Pandemic leaves El Paso family separated by thousands of miles
By Viridiana Solano/Univision 26
Many family activities and traditions changed with the arrival of the COVID-19 pandemic. Such is the case of the Solano family, who gathers every Sunday in front of the computer to enjoy Mass as a family. The family is united in love, but separated by thousands of miles.
Armando Solano of El Paso was hired five years ago to work at a high-tech company with offices in China. By January of 2020, the Solano family – Armando, his wife Rosa and children Diego and Camila — was living in Schenzen, approximately 680 miles from Wuhan, the epicenter for the COVID-19 pandemic at that time.
“At that time, many families started to leave China out of concern because at the time we didn’t know how serious the situation was; the news was very alarming. We were not the only family that got separated. Businesses were closed and classes got cancelled,” Armando Solano said.
Rosa and the two children decided to leave China before the United States closed its borders. They feared that in case of a medical emergency, they would not receive the proper medical attention in China since they were foreigners. They returned to El Paso and Armando stayed in China.
They thought the family would reunite in China once that country got the virus under control. They didn’t know COVID-19 would soon become a global pandemic.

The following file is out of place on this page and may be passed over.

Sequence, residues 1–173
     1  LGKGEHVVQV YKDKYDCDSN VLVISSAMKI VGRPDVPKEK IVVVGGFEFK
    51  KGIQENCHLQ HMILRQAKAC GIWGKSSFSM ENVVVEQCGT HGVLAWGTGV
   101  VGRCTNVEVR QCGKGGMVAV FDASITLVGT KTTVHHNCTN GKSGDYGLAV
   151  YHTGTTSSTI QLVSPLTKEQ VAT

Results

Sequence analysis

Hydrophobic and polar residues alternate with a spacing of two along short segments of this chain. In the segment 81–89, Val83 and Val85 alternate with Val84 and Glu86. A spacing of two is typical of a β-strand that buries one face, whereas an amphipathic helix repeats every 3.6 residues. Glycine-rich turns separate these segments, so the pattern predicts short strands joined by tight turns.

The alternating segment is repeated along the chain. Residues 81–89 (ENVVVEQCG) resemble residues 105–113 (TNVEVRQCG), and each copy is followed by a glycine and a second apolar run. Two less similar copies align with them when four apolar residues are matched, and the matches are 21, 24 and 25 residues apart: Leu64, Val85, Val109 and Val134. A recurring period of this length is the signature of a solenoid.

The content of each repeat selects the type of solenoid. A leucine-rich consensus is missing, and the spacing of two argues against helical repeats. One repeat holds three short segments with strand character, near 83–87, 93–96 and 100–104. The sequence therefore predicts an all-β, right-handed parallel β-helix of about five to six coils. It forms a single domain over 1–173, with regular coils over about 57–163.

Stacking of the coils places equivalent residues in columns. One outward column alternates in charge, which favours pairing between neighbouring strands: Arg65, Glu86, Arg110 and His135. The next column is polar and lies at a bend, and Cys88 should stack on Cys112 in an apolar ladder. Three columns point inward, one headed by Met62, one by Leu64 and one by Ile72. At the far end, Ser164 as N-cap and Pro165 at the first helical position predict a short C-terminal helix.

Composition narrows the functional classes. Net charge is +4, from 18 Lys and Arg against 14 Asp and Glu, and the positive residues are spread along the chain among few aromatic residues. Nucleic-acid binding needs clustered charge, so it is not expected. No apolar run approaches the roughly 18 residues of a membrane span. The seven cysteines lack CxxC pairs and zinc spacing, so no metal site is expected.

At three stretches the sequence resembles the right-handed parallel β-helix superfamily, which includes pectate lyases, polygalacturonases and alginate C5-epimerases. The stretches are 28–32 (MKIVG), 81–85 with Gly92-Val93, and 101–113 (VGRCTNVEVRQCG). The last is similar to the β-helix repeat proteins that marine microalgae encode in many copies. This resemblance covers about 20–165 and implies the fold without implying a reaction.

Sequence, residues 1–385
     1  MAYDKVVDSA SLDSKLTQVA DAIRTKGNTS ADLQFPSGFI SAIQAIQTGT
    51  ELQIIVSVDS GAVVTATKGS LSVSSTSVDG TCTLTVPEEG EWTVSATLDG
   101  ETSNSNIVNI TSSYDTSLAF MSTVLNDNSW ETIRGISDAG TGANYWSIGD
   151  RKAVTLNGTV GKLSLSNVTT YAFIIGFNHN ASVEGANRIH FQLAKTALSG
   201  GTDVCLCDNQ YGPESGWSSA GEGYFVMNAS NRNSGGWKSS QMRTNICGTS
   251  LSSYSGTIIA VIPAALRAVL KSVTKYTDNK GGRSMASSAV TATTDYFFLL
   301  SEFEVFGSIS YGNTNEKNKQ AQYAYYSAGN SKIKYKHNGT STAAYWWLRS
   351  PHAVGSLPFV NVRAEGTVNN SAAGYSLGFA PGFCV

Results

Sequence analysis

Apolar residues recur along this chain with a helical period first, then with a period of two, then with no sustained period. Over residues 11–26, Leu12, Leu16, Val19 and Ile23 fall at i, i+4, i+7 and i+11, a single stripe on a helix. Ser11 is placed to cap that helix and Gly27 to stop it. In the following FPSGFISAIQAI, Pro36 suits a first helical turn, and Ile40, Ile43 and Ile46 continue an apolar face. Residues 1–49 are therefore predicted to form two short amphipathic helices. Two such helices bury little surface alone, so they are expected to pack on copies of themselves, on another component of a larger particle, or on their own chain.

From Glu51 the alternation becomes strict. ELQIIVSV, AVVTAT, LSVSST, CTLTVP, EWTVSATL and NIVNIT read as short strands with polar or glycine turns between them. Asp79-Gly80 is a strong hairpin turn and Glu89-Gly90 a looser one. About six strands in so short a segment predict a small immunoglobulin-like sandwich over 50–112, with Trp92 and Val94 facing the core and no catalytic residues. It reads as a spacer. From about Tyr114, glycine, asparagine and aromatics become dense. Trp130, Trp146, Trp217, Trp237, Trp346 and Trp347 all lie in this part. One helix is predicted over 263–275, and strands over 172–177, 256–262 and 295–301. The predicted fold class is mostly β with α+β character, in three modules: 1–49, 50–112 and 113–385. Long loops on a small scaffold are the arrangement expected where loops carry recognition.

“We felt safer by being in the United States in case we contracted something. Thank God, after more than a year, no one has been infected with the virus. When we arrived from China, the children and I were quarantined for three weeks,” Rosa Solano said.
The separation weighed on the Solano family.
“I really felt like I had left half of my soul there, I felt bad that we came, and something could happen to him since the virus was really bad over there,” Rosa Solano said.
As the months went by, the Solanos had to make decisions because of the separation. One was to buy a home in El Paso to provide a proper space and housing for their children. And the second involved the children’s education. To the parent’s surprise, the 15- and 11-year-olds made a request.
“We wanted to stay here (in El Paso) and attend our school in China. We thought that when we came back it would be different, since schools here are quite different from China,” Diego Solano said.
So, in addition to the challenge of having to take virtual classes, Diego and Camila take classes from their school in China with an evening schedule.
“I start school at 8 p.m. and finish at 2:30 a m. from Sunday to Thursday,” Diego Solano said.
“I start school at 6:15 and I finish at 1 am from Thursday to Sunday,” Camilo Solano said.
The children have received recognition for high academic achievement.
“Thank God, they both received honors last semester. We are immensely proud. We have noticed how much they have grown and matured,” Rosa Solano said.
The children say they miss their old life in China.
“I miss being there. My friends stopped posting things about what they’re doing just to not make me feel bad,” Camila Solano said.
After more than a year of being separated and with the pandemic still present, the family faces uncertainty on when they can reunite.
“It is a difficult situation since we have had this idea that the Chinese borders will reopen, but they haven’t since the virus has not been contained in other parts of the world. Specifically, the United States has not been able to control this pandemic,” Armando Solano said.
Cover photo: Diego, Camila and Rosa Solano in their El Paso home, talking with Armando in China. (Photo courtesy of the Solano family)